What is melanoma?
There are three main types of skin cancer – melanoma, basal cell carcinoma and squamous cell carcinoma. Melanoma is the least common of the three, but is the most serious as it can spread the most easily.
Melanin is the pigment that changes the body’s skin colour in order to protect it from the sun. When we tan, our body produces melanin as a defence against the sun’s rays. Melanin is produced by special cells called melanocytes that are in the top layer of our skin. Melanocytes are also in moles and freckles.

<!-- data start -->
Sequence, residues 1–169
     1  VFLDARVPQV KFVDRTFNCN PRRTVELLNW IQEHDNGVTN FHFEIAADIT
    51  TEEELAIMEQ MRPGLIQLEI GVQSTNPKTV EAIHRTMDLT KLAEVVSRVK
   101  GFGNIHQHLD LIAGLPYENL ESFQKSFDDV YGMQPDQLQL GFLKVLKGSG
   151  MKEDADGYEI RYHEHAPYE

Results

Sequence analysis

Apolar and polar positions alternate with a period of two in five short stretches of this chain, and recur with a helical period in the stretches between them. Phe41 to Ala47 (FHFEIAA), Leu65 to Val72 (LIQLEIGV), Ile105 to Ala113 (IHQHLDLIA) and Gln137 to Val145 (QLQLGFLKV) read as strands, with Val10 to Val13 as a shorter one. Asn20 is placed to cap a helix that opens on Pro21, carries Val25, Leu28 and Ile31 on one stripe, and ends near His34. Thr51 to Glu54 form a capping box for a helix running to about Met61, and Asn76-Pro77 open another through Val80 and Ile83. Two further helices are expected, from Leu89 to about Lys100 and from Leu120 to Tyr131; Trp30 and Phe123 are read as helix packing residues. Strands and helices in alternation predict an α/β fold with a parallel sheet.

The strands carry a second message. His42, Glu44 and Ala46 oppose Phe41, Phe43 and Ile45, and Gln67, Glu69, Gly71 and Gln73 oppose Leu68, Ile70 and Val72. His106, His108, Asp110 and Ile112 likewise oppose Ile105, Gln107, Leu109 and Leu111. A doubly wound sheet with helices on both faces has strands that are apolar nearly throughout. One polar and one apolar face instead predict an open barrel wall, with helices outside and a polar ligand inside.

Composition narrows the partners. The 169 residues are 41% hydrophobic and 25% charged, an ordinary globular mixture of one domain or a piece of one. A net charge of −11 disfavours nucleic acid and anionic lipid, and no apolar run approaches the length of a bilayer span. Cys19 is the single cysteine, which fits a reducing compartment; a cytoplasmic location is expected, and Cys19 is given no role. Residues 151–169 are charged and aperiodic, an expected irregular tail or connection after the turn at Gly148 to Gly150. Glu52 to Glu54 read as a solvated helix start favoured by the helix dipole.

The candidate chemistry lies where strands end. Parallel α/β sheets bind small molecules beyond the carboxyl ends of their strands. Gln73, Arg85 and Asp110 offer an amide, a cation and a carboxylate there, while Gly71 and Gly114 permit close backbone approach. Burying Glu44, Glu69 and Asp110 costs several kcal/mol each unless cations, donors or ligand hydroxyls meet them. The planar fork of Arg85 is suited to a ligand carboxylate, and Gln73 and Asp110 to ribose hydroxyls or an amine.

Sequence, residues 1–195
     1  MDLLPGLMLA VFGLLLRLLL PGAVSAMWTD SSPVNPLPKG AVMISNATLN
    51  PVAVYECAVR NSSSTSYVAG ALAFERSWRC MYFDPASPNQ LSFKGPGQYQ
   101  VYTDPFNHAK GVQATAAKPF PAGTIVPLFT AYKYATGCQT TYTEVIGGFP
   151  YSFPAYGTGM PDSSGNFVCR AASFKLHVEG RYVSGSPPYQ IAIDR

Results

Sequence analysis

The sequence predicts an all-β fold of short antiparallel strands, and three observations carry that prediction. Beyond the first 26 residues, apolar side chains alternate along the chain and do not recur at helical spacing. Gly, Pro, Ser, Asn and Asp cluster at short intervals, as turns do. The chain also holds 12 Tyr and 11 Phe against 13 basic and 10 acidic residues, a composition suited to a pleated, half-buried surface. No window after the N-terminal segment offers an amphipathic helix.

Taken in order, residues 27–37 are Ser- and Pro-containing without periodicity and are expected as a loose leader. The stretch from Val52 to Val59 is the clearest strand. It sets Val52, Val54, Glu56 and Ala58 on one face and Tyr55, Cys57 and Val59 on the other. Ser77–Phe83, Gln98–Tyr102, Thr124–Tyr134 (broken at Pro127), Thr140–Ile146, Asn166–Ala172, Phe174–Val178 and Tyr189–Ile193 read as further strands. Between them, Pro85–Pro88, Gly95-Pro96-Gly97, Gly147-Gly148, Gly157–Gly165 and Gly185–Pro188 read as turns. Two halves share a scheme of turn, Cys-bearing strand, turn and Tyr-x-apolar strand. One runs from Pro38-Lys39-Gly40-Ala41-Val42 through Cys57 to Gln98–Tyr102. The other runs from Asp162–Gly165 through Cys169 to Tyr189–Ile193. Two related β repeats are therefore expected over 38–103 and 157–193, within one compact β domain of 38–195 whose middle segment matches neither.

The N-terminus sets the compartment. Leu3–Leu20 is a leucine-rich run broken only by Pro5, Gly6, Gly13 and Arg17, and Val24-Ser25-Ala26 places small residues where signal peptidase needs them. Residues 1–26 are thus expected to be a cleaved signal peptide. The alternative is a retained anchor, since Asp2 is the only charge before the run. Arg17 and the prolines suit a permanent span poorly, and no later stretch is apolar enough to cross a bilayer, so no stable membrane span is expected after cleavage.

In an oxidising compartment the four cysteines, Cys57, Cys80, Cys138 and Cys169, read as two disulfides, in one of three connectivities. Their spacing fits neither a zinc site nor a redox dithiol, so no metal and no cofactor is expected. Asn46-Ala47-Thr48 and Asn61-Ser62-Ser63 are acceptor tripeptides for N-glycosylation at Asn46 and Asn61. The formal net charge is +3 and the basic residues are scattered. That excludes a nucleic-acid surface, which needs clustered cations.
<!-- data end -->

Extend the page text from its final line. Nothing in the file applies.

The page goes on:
Melanoma is when melanocytes grow in an uncontrolled and abnormal way. It most commonly starts in parts of the skin that are often exposed to the sun, such as the arms, face, upper body and legs. Some rare melanomas can develop in parts of the body that rarely or never see the sun, such as soles of a person’s feet, the lining of the mouth or the nervous system. Melanomas are usually diagnosed when a person notices an unusual mole and their doctor examines it. The doctor may look at the person’s skin through a magnifying instrument called a dermatoscope and take a tissue sample to to look for signs of cancer.